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Opinion

Rachel Corrie, an Israeli bulldozer, and our shared global fate

Rachel Corrie was killed by an Israeli military bulldozer while defending a Palestinian home in Gaza in 2003. Today, for all the fierce division the Corrie family's recent civil suit against Israel rekindles, her story speaks more than ever to our interconnections.

By Courtney E. Martin / September 30, 2010



New York

Last month, several state witnesses took the stand in a Haifa District Court to testify in the civil law suit filed by Rachel Corrie’s family against the state of Israel. Many may still recall the disturbing photographs that wallpapered the world’s media outlets of Ms. Corrie, a 23-year-old activist from Walla, Walla, Washington, being crushed under a military bulldozer while trying to defend a Palestinian home in Rafah, Gaza under threat of demolition.

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You may not immediately relate to Corrie’s story, but you should. We live in a world where we are all implicated in war, where we are all vulnerable to the violence that emerges out of poverty, segregation, and oppression. We are all Rachel Corrie standing in front of a bulldozer, and yet we are also all the Israeli soldier who was driving it, just trying to do his job.

The forces of globalization have woven us together in a violent, inescapable tapestry from which there is no escape. But this shouldn’t paralyze us. Rather it should awaken us to the fact that, in this painful, tense connection, we have the opportunity to heal, to progress, and at least dialogue together.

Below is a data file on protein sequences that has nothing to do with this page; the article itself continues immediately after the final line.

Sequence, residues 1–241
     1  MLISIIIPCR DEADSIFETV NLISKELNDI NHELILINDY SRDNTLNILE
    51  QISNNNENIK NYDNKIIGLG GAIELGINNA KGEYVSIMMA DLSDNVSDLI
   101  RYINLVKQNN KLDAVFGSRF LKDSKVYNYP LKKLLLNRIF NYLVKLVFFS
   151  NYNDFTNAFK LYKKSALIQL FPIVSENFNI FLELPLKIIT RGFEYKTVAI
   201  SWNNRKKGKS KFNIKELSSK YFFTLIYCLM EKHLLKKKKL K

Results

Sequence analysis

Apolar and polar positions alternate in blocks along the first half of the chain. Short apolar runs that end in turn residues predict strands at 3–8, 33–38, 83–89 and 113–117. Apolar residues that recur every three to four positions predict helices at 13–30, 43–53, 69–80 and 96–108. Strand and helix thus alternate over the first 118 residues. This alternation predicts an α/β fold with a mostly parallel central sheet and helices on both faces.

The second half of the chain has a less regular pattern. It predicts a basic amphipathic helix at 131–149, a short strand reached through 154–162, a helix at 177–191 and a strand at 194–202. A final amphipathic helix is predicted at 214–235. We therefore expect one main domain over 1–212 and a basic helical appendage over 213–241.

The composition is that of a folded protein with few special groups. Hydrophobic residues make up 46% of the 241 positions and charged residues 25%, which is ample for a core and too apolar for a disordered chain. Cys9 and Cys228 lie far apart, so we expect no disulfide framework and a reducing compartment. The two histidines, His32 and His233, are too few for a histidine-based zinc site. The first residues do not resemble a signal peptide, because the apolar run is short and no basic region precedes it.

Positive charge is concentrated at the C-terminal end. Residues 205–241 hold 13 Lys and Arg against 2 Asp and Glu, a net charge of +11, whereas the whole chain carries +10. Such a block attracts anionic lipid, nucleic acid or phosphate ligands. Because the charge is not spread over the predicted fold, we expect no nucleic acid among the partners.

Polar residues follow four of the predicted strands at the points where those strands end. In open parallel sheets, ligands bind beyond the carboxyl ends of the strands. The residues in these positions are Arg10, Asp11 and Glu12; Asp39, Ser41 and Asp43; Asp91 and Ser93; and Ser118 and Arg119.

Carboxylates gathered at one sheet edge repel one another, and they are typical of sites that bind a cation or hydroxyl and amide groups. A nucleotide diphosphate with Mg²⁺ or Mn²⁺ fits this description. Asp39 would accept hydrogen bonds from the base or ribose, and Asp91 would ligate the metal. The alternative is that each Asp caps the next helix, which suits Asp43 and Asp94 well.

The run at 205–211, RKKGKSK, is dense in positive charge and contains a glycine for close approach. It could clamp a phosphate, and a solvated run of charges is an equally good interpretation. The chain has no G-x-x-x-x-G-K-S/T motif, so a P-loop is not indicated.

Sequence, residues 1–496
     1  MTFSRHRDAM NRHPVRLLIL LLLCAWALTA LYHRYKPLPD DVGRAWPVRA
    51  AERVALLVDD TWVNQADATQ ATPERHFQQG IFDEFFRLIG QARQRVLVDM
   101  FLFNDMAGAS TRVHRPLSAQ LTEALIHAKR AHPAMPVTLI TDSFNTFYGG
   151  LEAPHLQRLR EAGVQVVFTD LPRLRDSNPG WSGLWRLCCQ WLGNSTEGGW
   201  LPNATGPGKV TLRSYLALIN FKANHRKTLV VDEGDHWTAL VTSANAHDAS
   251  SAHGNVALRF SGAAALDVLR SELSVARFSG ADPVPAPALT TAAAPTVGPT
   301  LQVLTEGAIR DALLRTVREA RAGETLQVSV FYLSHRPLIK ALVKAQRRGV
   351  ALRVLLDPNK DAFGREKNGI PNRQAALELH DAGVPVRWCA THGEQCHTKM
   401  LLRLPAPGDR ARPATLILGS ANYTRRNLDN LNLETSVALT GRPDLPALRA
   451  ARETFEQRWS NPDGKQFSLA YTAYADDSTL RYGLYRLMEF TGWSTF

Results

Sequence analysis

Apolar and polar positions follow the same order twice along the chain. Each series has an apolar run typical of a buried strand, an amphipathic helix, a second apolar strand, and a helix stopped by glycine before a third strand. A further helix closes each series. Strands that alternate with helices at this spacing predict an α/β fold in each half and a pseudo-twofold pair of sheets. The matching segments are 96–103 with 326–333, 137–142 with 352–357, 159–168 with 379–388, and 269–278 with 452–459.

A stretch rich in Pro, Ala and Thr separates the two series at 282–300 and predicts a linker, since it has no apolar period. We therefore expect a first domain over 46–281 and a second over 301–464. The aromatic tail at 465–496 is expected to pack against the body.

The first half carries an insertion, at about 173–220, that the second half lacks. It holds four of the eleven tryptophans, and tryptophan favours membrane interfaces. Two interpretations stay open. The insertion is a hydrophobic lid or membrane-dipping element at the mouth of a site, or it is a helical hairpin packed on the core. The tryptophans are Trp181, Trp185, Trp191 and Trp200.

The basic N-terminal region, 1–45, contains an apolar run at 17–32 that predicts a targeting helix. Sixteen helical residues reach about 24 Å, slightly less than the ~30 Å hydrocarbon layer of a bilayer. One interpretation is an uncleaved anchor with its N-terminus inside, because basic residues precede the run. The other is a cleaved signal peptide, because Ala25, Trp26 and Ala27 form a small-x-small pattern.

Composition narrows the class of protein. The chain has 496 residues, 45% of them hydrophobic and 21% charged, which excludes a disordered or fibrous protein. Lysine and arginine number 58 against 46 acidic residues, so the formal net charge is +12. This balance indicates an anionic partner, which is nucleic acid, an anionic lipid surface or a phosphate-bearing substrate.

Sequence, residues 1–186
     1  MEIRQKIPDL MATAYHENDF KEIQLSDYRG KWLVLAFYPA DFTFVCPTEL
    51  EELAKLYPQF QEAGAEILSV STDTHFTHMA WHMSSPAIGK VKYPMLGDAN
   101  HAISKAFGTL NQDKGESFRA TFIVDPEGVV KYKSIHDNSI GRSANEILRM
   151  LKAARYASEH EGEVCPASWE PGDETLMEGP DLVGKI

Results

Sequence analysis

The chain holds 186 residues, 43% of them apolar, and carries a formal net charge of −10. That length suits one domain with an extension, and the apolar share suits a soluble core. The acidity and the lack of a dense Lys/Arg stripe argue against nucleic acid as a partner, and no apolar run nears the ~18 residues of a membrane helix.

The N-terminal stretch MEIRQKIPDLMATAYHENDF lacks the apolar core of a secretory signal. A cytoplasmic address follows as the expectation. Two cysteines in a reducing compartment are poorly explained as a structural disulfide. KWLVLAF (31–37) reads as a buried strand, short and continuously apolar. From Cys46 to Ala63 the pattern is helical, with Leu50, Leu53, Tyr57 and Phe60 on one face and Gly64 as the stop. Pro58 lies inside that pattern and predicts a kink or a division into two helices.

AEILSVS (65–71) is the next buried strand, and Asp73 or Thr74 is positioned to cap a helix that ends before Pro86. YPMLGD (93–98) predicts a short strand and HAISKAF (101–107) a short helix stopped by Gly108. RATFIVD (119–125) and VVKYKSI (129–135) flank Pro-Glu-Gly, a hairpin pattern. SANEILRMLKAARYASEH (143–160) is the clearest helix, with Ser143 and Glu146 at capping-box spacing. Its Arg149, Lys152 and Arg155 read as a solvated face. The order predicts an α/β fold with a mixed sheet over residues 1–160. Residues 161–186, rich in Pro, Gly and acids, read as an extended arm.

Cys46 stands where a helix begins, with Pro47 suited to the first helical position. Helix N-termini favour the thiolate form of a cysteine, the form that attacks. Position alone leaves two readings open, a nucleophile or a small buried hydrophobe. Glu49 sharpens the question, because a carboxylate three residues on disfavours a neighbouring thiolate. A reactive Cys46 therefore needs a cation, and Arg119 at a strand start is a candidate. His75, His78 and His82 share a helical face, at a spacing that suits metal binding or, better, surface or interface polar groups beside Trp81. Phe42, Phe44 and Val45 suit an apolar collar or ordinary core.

'No civilians in a war zone'

The story of Corrie’s life and death have proven to be electric – bringing out the most righteous and rabid reactions from people. Many Palestinians claim her as a martyr, some Israelis say she was brain-washed, and more than one young, privileged American understands the impulse, albeit dangerous, to put oneself in a place where it feels like there’s an unequivocal opportunity to help people. In her journal Corrie herself wrote “I am hungry for one good thing I can do.”

While Corrie stopped writing her own life on March 15, 2003, the world continues to add new volumes of meaning to her passing. Indeed, last month in court, a colonel in the Engineering Corps of the Israeli army, a witness to Corrie’s death, testified repeatedly that there were no civilians in a war zone. Reportedly, those in attendance gasped.

No civilians in a war zone? At first, the notion seems preposterous, even inhumane. But when one considers how ubiquitous and complex war has become, it’s actually not all that far-fetched a notion.

Of course, the Fourth Geneva Convention, adopted in August 1949, specifically outlaws the practice of “total war,” advocating for the human rights of civilians unlucky enough to find themselves in war zones. In 1993, the United Nations Security Council adopted a report which concluded that the Geneva Conventions had passed into the body of “customary international law,” making them binding for absolutely everyone, not just those who had initially signed on.

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